Thursday, 30 January 2020

Tokyo International Great Quilt Festival - Part 6 - Wa Quilts

Wa (和) is the name given to describe things of Japanese style. When it comes to quilting it might be that old kimono silk or indigo cotton has been used, or that the motif is of cherry blossoms, Mt Fuji or sushi. Or the technique is 'Japanese', e.g. folded fabric, similar to origami, the traditional craft of folding paper into objects.

These were the Wa quilts in the contest that I saw.
柴田千恵子*Chieko Shibata

龍山千津子*Chizuko Tatsuyama cleverly used the Baby Block to make this Cherry Moon quilt.

This quilt, made by 満代由美子*Yumiko Mandai, has elements of folded fabric.
From a distance the fabric looks crumpled, as if it was left too long in the washing machine.
Study the close-up photo and you will see that a very narrow line has been stitched along a folded edge, this folding and stitching has been repeated in a crosswise way across the fabric. Pieces of this 'manipulated' fabric have then been cut and pieced together.

In this quilt you see, no, not dancing jelly beans, but a number of Daruma. It is a lucky charm in the form of a roly-poly doll. Read about Daruma Dolls here.
半よしゑ*Yoshie Nakaba (?)

須川明子*Akiko Sugawa played with another toy - the kite. All these kites have pictures of symbolic things. Can you see the Daruma Doll? The gold fish? The Japanese puffer fish? The rabbit?

A modern version of Mt Fuji with a red sun. Any Japanese can instantly see that this is not a lampshade, but the famous volcano and the sun, which is always pictured red. The pattern at the foot of the mountain could be a mountain range, clouds or waves in any of the lakes nearby... I guess.
堀岡雪江*Yukie Horioka tugged the heartstrings of her fellow Japanese.

The Log Cabin is a foreign element in this quilt, the rest is all 'Wa' - the kimono silk, the cranes flying over the harvest moon, the pampas grass swaying in the wind... you can imagine the haiku poem and the sake.
横川れい子*Reiko Yokokawa stitched poetry.

In four panels on a large quilt 松本紀代子*Kiyoko Matsumoto celebrates the seasons with these flowers.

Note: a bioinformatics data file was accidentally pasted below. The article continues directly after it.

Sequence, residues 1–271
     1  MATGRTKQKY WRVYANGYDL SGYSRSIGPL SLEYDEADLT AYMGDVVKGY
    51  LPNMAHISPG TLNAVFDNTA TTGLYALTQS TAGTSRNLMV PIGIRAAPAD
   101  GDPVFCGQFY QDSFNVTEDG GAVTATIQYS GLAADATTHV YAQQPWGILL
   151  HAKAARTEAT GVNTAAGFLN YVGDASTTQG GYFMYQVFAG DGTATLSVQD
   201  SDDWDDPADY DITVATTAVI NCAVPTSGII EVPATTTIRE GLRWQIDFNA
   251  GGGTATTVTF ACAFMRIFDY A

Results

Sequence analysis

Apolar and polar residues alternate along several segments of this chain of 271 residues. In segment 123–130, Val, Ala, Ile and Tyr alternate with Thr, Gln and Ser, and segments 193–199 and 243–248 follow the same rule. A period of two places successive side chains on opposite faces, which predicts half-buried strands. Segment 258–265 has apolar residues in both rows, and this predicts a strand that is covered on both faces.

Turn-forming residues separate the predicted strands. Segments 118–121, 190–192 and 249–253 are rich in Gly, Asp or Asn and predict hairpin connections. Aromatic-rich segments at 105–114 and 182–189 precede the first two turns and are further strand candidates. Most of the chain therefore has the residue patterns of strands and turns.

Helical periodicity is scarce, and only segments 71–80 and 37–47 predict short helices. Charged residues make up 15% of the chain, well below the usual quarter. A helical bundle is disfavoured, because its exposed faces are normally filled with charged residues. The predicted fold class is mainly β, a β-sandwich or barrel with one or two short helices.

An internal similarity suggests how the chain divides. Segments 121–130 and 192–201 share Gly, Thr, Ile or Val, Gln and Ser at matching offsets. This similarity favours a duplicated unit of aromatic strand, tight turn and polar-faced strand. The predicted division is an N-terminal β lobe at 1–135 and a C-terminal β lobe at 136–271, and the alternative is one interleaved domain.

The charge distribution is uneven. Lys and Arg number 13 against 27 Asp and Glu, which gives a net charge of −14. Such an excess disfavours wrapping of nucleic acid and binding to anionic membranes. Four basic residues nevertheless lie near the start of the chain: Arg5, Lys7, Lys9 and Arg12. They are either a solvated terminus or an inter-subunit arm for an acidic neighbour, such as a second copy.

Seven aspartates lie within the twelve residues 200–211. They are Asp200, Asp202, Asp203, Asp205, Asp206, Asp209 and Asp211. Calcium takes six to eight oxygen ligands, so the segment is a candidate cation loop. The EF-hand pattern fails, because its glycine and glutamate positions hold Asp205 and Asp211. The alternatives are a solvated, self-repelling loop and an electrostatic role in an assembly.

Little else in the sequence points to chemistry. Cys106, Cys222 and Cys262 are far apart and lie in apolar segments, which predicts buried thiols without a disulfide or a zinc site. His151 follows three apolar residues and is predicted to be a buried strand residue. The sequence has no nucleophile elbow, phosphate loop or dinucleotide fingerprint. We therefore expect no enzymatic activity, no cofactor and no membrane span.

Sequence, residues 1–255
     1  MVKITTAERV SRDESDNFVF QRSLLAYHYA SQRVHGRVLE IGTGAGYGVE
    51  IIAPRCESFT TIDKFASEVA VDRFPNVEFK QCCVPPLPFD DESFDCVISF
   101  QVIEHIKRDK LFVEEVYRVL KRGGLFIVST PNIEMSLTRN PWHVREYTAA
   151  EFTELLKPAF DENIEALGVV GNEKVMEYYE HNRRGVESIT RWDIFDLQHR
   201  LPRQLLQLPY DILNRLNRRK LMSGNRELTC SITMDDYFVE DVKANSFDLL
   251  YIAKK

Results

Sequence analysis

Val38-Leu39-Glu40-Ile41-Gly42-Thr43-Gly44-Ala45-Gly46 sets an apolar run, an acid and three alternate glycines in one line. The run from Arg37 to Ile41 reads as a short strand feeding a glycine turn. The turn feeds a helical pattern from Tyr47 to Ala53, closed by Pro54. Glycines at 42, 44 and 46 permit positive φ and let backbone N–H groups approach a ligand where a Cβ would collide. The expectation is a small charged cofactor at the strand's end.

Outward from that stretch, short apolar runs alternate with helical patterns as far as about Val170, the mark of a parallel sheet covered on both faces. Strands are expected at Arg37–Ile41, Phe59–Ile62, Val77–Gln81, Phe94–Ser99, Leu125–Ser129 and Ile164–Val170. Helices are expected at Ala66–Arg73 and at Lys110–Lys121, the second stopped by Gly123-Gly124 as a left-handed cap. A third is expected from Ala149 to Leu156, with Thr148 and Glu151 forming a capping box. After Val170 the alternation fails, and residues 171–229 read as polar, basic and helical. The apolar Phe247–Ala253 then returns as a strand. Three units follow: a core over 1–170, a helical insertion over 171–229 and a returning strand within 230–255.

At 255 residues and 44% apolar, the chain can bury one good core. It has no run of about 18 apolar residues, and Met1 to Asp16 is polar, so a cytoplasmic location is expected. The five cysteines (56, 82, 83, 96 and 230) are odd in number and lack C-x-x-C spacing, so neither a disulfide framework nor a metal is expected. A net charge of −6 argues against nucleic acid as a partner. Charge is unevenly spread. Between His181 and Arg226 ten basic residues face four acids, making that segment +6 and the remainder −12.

Now, I will break the rules here, and show two quilts from the Original category, that I think should have been entered in the 'Wa' category of the contest.

南久美子*Kumiko Minami's red chrysanthemums and butterflies.

大浦京子*Kyoko Oura's Japanese hamlet in snow.

They are certainly both original, but Oh, so Japanese.

Finally I will add the quilt that won the Grand Prix, obviously a Wa quilt, with vintage fabric.
永見州樹子*Sumiko Nagami


  1. Thank you Carin for explaining with such details what is a Wa quilt.
    This report is full of colors , all very nice. I must admit that my favortie is Reiko Yokokawa's quilt with the moon and the cranes. I'll see it on the wall of our room :))
    Have a lovely day,
    Take care,

  2. That manipulated and folded fabric is rather interesting, isn't it!

  3. I love the first one and the one with the cranes.

  4. Love these "wa" quilts and the beautiful way you have defined what makes a "Japanese" quilt in spirit. Thank you Carin!

  5. How wonderful to see close up, all these fantastic Japanese quilts. So beautiful it is hard to understand how any one can be chosen over another. The seasonal quilt rounds are so lovely too.

  6. Isn't it interesting to see what makes each of these quilts fit into the Wa Category. How fantastic that the overall show winner is a Wa quilt.


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